As expected, the researchers found that both pathogens were prevalent in the spring. But they also found that they were common at other times of the year and that prevalence rates varied depending on the location. In Beltsville, they were more prevalent in the spring, while in Brazil they were more prevalent in the fall. They also found high infection rates: 33 percent of the U.S. colonies and 54 percent of the Brazilian colonies were infected. The results also showed that S. melliferum was the more prevalent of the two and that the presence of one pathogen made bees more susceptible to the other. Schwarz says the different genetics and prevalence patterns show that the two pathogens should not be lumped together.
Certain plants can act as bacteria-transmission sites, and bees pick up the pathogens when they feed on plant nectar, Schwarz says. The results add to what is known about microbe transmission between plants and pollinators and should help beekeepers and scientists monitor the health of honey bees by raising awareness about the year-round nature of any threat the pathogens may pose. With the new genetic markers now available, scientists will also be better equipped to screen bee colonies for them.—By Dennis O'Brien, Agricultural Research Service Information Staff.
"Honey Bee Diseases Strike in All Seasons" was published in the February 2015 issue of Agricultural Research magazine.
A lecture given by Ricarda Kather at the National Honey Show 2013 entitled "Ghosts in the Hive - Varroa's life cycle inside a Honey Bee Colony".
Bees vs. beetles: Beekeeper saving hives with new invention
The bee industry is buzzing about a new device designed to save lives in the beehives.
Many beekeepers across the country are losing their bee hives to the small hive beetle, which can overwhelm the beehive by building up a population inside, ultimately destroying the entire colony.
I've had several hives that have been taken over with the hive beetles,” Walter McKay, a beekeeper from Gluckstadt, Miss., told FoxNews.com.
Mississippi beekeeper and inventor Haynes Haselmaier hopes to stop the destructive beetle with his invention, a gizmo he calls the Beetle Baffle.
"I've just kind of, in a civil way, declared war against the beetles," Haselmaier said.
The Beetle Baffle is not very complicated. It places a selective barrier between honey bees and their deadly nemesis. Aluminum strips are stapled on top of the bottom board of the bee hive. Bees can then walk over the aluminum strips in both directions, but the beetles cannot. That means the beetles can’t get to the colony where the honey and eggs are located. Haselmaier said this gives the bees a fighting chance against their enemy.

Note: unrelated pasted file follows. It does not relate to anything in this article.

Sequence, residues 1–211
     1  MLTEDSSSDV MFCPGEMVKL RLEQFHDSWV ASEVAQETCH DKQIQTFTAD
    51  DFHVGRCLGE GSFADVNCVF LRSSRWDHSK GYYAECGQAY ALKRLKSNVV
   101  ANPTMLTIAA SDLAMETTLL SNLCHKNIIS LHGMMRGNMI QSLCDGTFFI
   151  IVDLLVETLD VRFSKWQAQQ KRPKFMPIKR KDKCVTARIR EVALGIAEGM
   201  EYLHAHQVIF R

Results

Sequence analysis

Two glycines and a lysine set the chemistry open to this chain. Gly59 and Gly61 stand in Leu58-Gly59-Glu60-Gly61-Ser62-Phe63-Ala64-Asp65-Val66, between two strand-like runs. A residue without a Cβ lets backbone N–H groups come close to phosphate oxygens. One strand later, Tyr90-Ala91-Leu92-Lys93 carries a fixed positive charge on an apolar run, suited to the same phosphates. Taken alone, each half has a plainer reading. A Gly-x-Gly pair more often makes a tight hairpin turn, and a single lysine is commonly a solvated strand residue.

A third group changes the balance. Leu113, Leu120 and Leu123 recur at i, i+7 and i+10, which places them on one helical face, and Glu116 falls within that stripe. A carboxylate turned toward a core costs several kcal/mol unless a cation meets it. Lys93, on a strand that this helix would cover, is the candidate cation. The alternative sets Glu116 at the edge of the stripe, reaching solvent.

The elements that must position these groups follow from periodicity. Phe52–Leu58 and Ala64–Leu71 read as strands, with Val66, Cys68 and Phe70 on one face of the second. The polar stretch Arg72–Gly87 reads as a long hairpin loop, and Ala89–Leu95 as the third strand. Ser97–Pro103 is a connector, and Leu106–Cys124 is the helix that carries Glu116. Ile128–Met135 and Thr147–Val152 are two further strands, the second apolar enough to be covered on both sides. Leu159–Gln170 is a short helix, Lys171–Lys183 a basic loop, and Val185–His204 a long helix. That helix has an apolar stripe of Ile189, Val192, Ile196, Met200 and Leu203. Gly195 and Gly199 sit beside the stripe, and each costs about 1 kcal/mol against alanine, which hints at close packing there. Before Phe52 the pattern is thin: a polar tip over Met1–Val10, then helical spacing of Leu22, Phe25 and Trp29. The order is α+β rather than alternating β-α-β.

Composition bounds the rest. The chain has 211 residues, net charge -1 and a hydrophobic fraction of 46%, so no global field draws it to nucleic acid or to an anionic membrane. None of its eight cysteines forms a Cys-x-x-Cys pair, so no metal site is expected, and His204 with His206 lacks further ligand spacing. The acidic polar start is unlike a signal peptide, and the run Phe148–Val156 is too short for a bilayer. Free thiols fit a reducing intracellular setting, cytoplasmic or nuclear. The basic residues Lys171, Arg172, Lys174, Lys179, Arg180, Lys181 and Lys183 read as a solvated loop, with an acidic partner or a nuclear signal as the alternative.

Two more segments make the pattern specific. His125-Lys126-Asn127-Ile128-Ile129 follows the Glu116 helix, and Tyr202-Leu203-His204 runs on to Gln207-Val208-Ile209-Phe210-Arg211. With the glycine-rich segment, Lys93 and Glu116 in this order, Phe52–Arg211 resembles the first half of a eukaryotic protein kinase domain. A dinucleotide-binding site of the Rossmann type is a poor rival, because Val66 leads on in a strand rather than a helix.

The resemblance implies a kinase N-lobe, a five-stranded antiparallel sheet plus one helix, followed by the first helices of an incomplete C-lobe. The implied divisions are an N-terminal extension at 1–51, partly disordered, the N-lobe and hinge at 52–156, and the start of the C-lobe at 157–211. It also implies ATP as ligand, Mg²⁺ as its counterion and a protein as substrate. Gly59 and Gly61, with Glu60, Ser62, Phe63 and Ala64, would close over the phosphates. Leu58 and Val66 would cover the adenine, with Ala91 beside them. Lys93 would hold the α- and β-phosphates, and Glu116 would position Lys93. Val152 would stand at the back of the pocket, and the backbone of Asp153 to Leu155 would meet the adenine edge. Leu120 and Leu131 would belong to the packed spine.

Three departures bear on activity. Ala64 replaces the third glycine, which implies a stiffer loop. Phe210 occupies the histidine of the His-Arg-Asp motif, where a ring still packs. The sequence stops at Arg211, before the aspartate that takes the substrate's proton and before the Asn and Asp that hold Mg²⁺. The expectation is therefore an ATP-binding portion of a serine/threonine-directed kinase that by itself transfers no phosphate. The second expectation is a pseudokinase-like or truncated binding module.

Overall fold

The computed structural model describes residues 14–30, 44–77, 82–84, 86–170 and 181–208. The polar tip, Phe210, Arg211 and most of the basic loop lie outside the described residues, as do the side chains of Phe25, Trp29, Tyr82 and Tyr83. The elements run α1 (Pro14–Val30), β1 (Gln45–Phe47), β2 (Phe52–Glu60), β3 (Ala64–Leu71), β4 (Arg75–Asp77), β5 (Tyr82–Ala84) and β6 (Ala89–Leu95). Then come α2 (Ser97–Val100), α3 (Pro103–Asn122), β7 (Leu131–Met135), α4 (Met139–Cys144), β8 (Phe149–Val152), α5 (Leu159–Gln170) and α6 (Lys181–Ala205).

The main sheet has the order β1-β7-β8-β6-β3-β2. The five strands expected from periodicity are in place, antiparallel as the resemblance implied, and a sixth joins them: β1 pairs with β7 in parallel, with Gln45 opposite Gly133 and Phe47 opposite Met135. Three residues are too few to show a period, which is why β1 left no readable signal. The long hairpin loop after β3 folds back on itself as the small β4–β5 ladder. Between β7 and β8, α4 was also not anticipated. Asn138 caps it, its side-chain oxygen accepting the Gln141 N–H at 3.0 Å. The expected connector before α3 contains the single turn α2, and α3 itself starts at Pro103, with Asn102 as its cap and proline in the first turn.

“To make them go away is probably not a reasonable goal, but to get it to a point where they're more reasonably managed is going to make a big difference," he said.
Ben Kern, a member of the Central Mississippi Beekeepers Association has seen financial losses due to the beetle.
"Within the last two years, I've lost 10 of my 20 bee colonies to the small hive beetle. It's a nuance and trouble for the hives especially if the beetles get ahead of the bees. I look forward to using this product, and if this baffle can deter the small hive beetle, it will be a real benefit for us beekeepers," Kern told FoxNews.com.
The Beetle Baffle sells for $16 each. More information about the invention can be found at beetlebaffle.com.
Kyle Rothenberg is part of the Junior Reporter program at Fox News. Get more information on the program here and follow them on Twitter: @FNCJrReporters
Managed honeybees linked to new diseases in wild bees, UK study shows
Managed honeybees linked to new diseases in wild bees, UK study shows
Date: February 19, 2014
Source: Biotechnology and Biological Sciences Research Council
Diseases that are common in managed honeybee colonies are now widespread in the UK's wild bumblebees, according to new research. The study suggests that some diseases are being driven into wild bumblebee populations from managed honeybees.